Almost a decade ago, I wrote that “the greatest challenge facing America’s schools today isn’t the budget crisis, or standardized testing, or ‘teacher quality.’ It’s the enormous variation in the academic level of students coming into any given classroom.”
All these years later, I still believe that’s true, and it feeds into current debates over whether teachers should meet students where they are, or aim for grade-level instruction instead, even for kids who are far behind.
Not that any of this is new. It goes all the way back to the one-room schoolhouse. As long as kids’ readiness levels are varied—in other words, forever—teachers will have to figure out how to provide the right level of instruction for each of their students that’s not too challenging as to be overwhelming, but not too easy as to be boring.
It wouldn’t be so hard if we could afford a private tutor for everyone. But that would be hugely expensive. And it would be fantastic if every student could learn on their own—whether in the old fashioned way, from books, or the modern way, from videos, online modules, and the like. But while independent learning is essential to a great education, few students have the drive and focus to do all of their learning that way without the support of teachers. Even adults struggle to finish MOOCs because they miss the human interactions and relationships of a classroom. And of course, schools do more than teach academics. They need to encourage and reinforce social and emotional skills, self-discipline, and good character, too.
So in the real world schools have to make this work with groups of students while individualizing as much as is practical.
In this article, I’ll take a look at the major approaches that schools are taking to solving this problem today—but will do so using the world of fitness to provide insights into their pros and cons. That’s because fitness studios have a similar challenge: how to provide a great experience for twenty-five or thirty students at the same time, one that meets everyone where they are, can cope with great variation in fitness levels and goals, challenge everybody (but not so much as to drive them away), and enable the participants to gauge their own progress on metrics that they trust and understand.
Group fitness works for lots of people because, as with private tutoring, one-on-one personal training is exorbitantly expensive. And while some gym rats can walk into a gym and get a great workout all by themselves, most of us need lots of support to exercise smartly enough not to hurt ourselves and intensely enough to get a real benefit. And many people find the social aspect of group classes fun and motivating.
The analogy isn’t perfect. Providing a great education to our children is much more important than providing a great workout to adults. And the intellectual challenge of teaching diverse skills and content to schoolchildren is infinitely more complex than being a fitness coach. Yet the parallels are still instructive.
Option one: Whole group instruction
This is the most traditional, but least personalized, approach to teaching a group of students: Throw everyone in the same class and aim for the middle.
That’s how it worked at the dawn of the fitness craze in the 1970s and 80s. Jane Fonda and other aerobics teachers offered one level for all participants. It was too slow for elite athletes and too hard for many newcomers.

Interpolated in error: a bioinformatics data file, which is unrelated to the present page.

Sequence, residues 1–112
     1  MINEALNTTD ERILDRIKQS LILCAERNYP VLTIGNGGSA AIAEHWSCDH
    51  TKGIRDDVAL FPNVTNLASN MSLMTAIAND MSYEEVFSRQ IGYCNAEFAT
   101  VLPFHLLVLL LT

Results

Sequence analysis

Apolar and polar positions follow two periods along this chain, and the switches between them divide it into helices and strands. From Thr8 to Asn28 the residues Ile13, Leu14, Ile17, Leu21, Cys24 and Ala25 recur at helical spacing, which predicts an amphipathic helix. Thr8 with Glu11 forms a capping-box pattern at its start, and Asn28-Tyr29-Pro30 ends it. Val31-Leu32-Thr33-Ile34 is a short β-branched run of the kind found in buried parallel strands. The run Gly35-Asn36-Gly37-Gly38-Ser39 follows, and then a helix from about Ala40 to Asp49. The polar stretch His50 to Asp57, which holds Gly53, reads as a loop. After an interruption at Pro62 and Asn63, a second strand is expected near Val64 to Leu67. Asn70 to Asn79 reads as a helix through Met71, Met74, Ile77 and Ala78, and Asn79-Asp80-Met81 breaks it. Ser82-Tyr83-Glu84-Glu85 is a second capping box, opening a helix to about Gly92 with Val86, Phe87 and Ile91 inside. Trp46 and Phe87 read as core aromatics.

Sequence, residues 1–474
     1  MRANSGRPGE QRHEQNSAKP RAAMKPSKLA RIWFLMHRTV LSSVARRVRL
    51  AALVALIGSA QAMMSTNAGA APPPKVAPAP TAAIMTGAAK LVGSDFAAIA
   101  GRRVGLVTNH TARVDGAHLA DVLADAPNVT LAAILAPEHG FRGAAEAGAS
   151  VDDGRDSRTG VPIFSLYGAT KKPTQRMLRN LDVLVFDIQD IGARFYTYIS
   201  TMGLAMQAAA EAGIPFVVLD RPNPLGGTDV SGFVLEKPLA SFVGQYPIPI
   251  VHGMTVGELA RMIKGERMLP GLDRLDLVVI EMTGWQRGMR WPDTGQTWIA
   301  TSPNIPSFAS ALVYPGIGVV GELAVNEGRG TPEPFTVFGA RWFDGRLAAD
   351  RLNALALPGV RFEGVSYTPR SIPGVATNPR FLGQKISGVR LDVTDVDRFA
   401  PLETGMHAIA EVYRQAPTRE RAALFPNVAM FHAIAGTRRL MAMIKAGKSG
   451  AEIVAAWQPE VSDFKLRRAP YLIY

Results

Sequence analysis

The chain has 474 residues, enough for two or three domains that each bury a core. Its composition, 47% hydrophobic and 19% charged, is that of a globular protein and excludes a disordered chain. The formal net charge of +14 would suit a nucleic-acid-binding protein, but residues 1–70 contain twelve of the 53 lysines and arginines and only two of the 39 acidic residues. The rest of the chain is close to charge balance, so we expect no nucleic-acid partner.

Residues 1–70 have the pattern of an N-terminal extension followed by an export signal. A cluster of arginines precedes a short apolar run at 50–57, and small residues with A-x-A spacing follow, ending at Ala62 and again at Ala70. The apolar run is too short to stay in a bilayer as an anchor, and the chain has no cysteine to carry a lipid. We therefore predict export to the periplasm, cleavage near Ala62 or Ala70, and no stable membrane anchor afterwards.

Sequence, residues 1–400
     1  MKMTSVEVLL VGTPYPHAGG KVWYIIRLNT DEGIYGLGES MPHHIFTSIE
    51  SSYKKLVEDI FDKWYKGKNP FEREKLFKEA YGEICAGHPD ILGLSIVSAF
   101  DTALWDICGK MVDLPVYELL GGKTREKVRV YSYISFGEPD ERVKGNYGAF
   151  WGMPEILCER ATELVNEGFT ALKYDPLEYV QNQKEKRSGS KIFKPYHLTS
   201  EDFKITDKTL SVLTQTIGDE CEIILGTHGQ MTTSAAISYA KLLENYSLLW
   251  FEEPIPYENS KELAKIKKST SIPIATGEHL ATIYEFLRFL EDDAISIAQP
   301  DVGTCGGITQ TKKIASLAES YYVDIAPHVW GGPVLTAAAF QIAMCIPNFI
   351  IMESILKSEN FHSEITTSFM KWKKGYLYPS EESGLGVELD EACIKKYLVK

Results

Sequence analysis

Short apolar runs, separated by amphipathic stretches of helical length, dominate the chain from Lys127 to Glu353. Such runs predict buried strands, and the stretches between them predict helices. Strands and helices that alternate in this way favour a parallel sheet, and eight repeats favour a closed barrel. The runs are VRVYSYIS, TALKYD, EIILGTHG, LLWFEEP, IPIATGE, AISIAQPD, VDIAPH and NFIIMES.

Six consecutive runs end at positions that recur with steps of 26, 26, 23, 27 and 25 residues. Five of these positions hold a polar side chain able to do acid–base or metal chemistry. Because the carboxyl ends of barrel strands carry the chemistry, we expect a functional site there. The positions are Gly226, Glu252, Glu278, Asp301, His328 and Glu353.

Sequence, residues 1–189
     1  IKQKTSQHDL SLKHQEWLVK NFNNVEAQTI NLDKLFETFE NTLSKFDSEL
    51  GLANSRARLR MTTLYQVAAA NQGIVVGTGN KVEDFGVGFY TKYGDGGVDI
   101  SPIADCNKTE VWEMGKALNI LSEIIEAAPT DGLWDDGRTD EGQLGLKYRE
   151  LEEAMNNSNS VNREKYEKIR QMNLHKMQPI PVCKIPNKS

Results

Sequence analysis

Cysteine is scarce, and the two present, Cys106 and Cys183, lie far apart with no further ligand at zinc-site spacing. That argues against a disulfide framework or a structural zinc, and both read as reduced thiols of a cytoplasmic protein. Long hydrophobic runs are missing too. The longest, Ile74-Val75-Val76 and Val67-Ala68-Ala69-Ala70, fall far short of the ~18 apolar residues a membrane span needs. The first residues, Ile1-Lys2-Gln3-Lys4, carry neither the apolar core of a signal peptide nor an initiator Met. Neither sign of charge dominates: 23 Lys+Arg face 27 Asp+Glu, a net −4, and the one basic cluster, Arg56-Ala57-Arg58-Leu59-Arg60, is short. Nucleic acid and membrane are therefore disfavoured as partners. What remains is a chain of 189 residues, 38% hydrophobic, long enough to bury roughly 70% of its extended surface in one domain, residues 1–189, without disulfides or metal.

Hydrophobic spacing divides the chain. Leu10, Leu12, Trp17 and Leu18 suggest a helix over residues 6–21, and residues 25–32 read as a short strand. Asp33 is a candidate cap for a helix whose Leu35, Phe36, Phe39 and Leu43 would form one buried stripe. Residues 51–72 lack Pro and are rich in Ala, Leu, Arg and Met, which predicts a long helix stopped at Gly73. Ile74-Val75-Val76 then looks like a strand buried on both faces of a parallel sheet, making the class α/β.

It is also exactly what many classrooms were like for decades, and too many still are today. Take a group of kids whose only similarity is their age, put them in a room together, and do your best.
This clearly leaves a lot to be desired.
Option two: Ability grouping
Teaching children of vastly different reading or math levels, or clients of vastly different fitness levels, is inherently frustrating. There was, and is, an obvious solution: Group students by their current ability level.
In the fitness world, you see that with different levels of classes, like yoga levels one, two, and three. Newbies get intense instruction in the basics, while experienced and accomplished students can challenge themselves to find the edge of their capacities. But this has its own drawbacks. Studios worry about schedules that become overly complicated and keep clients away or classes that become too small to be financially sustainable.
That sort of ability grouping has also been common in schools forever. In elementary schools, it usually means putting students into reading or math groups for part of the day, based on their current skill levels, or providing acceleration to gifted students in or out of the regular classroom. In middle and high school, it means having different classes for advanced students—honors and AP and the like—and others for kids who are “on-level” or below.
There’s lots to be said for this approach, but one of the biggest concerns in schools is that students in the lower groups may not make enough progress to catch up, or might not ever get out of that low group due to inadequate support. We also worry about segregation, given the harsh realities of achievement gaps and what they imply for kids’ readiness levels on average.
Option three: Differentiating instruction
What if you could have the best of both worlds: keep students, or clients, of different levels together in one group, while also providing a personalized, “differentiated” experience, so everyone gets what they need? Sounds great, sure, but it’s really hard to pull off. Maybe careful planning and the clever use of technology can help.